Planning for Incapacity
When most people think of estate planning, they think of getting a Will drawn up – which is a great start! But, even in the most basic, straight-forward situations, a comprehensive estate plan goes beyond just a Will. In addition to planning for death, it is extremely important to plan for incapacity. The main tools for incapacity planning are an ‘enduring power of attorney’ and a ‘representation agreement’.
Enduring Power of Attorney
An Enduring Power of Attorney allows you to make arrangements for your legal and financial affairs in the event you are incapacitated or otherwise incapable of managing your affairs yourself (for example, due to illness, injury, or travel).
If you do not have an Enduring Power of Attorney and you become incapable of managing your affairs, the Public Guardian and Trustee would look after your affairs unless someone else applies to the Court and is appointed as your "Committee". The process of being appointed as a Committee gets expensive fast—especially if there are disagreements among your loved ones about who should be appointed. In addition, because it is a formal court-driven process, it tends to take much longer than most people expect.
Choosing an Attorney
Your attorney will have the power to handle all of your financial and legal affairs, so it is important that the attorney you choose be someone that you can trust and someone who is capable of handling these types of decisions. Another consideration is where your chosen attorney lives.
Many people appoint one person (for example, a spouse) to be their primary attorney and a second person (for example, an adult child, a sibling, or a close friend) to be their alternate attorney.
It is also possible to appoint two or more attorneys jointly. You can choose whether your attorneys must act together or if they may act separately. Keep in mind that joint attorneys who are required to act together must make all decisions unanimously and must all sign any necessary paperwork. This can sometimes cause delays and inconvenience.
A Representation Agreement allows you to make arrangements for your health care and personal care matters in the event you are incapacitated or otherwise incapable of managing your affairs. You can appoint someone to help you manage your affairs and, if necessary, to make decisions on your behalf in case of illness, injury, or disability.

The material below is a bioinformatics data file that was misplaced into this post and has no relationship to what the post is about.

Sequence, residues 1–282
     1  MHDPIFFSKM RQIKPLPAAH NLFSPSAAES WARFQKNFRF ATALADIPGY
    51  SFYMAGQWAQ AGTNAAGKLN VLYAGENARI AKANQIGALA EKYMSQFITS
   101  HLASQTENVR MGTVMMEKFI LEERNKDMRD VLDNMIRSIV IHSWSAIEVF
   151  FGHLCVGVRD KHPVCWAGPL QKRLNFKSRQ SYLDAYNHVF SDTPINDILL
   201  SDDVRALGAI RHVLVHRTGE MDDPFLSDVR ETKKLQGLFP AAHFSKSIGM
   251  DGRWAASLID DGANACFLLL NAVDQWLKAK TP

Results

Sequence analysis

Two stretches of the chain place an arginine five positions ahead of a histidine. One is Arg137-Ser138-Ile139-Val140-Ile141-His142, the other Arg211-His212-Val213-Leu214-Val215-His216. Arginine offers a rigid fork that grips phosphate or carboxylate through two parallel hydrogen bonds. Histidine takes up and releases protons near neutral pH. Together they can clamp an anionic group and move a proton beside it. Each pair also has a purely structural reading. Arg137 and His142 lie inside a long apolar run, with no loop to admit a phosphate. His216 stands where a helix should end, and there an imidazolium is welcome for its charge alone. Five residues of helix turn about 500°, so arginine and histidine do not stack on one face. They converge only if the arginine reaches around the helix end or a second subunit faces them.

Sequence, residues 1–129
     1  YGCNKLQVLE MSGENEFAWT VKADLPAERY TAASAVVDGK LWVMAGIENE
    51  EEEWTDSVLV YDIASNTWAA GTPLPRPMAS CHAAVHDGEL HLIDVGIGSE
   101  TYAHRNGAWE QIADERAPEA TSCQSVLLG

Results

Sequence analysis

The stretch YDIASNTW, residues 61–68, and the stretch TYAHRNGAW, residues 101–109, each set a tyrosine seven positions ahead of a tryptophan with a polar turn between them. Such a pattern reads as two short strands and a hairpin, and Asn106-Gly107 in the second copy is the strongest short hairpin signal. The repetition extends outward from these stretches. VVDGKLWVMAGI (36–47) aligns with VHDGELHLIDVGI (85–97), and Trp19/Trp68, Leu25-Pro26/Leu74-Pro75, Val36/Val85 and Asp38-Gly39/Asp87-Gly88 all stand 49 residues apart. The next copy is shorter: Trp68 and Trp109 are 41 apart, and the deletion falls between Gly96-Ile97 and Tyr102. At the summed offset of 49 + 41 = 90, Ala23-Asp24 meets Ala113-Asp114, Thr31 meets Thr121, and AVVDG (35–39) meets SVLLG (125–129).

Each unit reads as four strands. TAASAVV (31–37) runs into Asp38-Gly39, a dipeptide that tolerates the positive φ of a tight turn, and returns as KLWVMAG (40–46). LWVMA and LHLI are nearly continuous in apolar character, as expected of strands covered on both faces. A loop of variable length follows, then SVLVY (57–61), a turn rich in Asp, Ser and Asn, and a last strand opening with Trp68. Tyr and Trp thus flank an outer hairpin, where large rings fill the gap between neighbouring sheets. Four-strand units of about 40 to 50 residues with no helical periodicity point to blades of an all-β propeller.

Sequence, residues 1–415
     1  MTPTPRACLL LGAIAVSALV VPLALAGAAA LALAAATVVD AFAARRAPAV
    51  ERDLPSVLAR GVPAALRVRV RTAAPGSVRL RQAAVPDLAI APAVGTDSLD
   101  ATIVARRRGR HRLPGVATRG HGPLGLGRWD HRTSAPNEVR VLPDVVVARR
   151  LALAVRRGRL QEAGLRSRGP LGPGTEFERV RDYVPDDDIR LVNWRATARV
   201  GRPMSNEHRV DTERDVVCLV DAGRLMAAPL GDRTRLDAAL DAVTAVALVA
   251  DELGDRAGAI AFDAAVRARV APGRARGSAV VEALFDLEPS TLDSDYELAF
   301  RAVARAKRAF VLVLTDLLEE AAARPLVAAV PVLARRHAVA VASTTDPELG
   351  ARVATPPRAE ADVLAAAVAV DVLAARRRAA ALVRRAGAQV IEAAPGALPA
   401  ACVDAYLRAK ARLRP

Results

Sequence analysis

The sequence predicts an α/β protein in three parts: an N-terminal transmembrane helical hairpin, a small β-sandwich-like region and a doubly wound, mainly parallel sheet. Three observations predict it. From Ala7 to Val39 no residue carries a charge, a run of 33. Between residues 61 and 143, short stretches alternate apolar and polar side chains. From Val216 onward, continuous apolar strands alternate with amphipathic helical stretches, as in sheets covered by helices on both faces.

If you do not have a Representation Agreement, health care decisions would be made according to the Health Care (Consent) and Care Facility (Admission) Act. The Act allows health care providers to provide care without consent in certain emergency situations. In other cases, the Act requires that health care providers obtain consent from certain qualified individuals called "temporary substitute decision-makers" (spouse, child, parent, sibling, etc.).
However, there are some limitations on temporary substitute decision makers' authority. For example, they can only refuse consent for life support if the majority of the medical team agrees it is medically appropriate. Also, a temporary substitute decision maker only has authority for a period of 21 days. Lastly, a temporary substitute decision maker does not have legal authority to make personal care decisions, such as decisions relating to living arrangements, diet, grooming, personal safety, and support services.
For your personal care, or if there are disputes about your health care, the Public Guardian and Trustee would look after your personal and health care decisions unless someone else applies to the Court and is appointed as your "Committee". This can be an extremely time-consuming and expensive process for your loved ones who are left to make these arrangements.
Choosing a Representative
Your representative will have the power to help you manage your health care and personal care matters and, if necessary, to make decisions on your behalf if you’re not able to manage your affairs yourself.
Many people appoint one person (for example, a spouse) to be their primary representative and a second person (for example, an adult child, a sibling, or a close friend) to be their alternate representative.
Many people choose the same people to be their representative and their attorney, but the types of decisions that each one will be making are quite different, so it is not a bad idea to consider the personalities of the people you have in mind. Decisions about money are one thing; decisions about when to pull the plug are a whole other ball game.
Incapacity planning doesn't have to be complicated. For most people, the documents set out above will provide an excellent starting point. You can always build on your plan if your situation changes and additional documents are needed. But the point is to get started on that plan now, because not only are the alternatives are costly and time-consuming, they can leave your loved ones with some very tough decisions to make without knowing what your wishes are.